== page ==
Porpoising was the buzz word of the 2022 season, Formula 1's first campaign with cars that use ground effect aerodynamics to create downforce.
Porpoising, or bouncing, is a consequence of that and one that former F1 managing director Ross Brawn was surprised the teams didn't foresee given the brains trust behind their all-new 2022 cars.
Mercedes' W13 suffered more than others but it was not alone in bouncing around, Ferrari also having their fair share while Lance Stroll revealed it broke a few floors at Aston Martin in the AMR22's early days.
As the season progressed the teams seemed to get a handle on the issue although the FIA still pressed on with TD39, introduced at the Belgian Grand Prix, that included a vertical oscillation metric.
Any team exceeding the limit would have to make changes to the car's set-up by raising the ride-height to minimise the bouncing.
The FIA also tweaked the 2023 floor regulations, the teams and motorsport's governing body agreeing on a 15mm increase in the height of the floor edges as well as raising the throat height. The floor edges will also be stiffened.
Tombazis, the FIA head of single-seaters, told Motorsport.com that he has "no doubt we did the right thing.
"We tried to find a pragmatic, short-term solution and a medium-term solution.
"It won't necessarily dissipate [porpoising] completely, but it will be a step less."
Tombazis had recently revealed to Auto Motor und Sport that F1 "had a few cases where the teams had to improve after the first practice session" having exceeded the AOR metric.
He, however, would not name the teams involved.
Abu Dhabi porpoising an 'important' reminder say Mercedes
Putting in the laps in Friday's practice at the Yas Marina circuit, Lewis Hamilton told the media: "Well, bouncing is back with a vengeance. Bouncing's back and that's definitely losing us time."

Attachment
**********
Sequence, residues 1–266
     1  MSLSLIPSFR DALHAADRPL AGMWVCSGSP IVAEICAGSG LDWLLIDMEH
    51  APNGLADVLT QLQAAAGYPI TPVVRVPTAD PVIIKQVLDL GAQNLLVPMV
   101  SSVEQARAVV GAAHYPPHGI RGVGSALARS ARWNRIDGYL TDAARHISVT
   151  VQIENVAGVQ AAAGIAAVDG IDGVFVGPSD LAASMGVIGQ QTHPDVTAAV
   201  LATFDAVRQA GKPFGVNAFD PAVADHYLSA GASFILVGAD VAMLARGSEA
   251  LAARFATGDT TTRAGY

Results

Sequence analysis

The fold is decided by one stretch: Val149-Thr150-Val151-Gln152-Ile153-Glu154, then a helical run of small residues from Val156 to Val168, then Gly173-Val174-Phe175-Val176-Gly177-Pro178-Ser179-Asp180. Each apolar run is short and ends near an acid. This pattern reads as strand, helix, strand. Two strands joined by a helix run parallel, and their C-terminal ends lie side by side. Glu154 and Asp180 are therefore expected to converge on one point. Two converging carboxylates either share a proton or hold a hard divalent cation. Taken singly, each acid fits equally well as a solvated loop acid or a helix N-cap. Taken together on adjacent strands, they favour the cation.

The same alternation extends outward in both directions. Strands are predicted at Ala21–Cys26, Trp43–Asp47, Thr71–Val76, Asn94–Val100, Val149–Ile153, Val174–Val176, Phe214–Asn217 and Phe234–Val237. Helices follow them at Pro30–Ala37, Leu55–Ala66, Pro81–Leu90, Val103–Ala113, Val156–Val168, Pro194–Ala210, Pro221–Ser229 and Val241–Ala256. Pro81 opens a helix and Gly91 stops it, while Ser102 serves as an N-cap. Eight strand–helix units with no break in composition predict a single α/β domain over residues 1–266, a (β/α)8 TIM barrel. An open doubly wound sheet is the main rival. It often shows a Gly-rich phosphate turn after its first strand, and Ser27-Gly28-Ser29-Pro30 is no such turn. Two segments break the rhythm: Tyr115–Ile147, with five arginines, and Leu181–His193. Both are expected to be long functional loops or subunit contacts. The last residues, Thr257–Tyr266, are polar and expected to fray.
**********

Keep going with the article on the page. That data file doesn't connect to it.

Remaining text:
His complaints about his W13 porpoising were the first heard in months, Mercedes seemingly resolving that issue mid-season.
His team boss Toto Wolff put it down to the bumpy nature of the Abu Dhabi circuit, but said it was an "important" reminder why the floor regulations have been altered ahead of next year's championship.
"You come to a conclusion that it's not a problem any more, and then you find a track which is not even the worst in terms of bouncing and the porpoising, and the bouncing and the poor ride is back," he added.
"I think it's good to have that here."
When the FIA initially announced the floor changes back in July, motorsport's governing said in a statement that although the teams "are understanding more and more how to control the issue, the tendency for 2023, with the cars developing more downforce, will most likely be a worsening of the effect."
More downforce means more porpoising.
They cited the health and safety of the drivers amidst concerns about the long-term effect porpoising could have on their bodies with drivers reporting headaches, back pain and even bruising.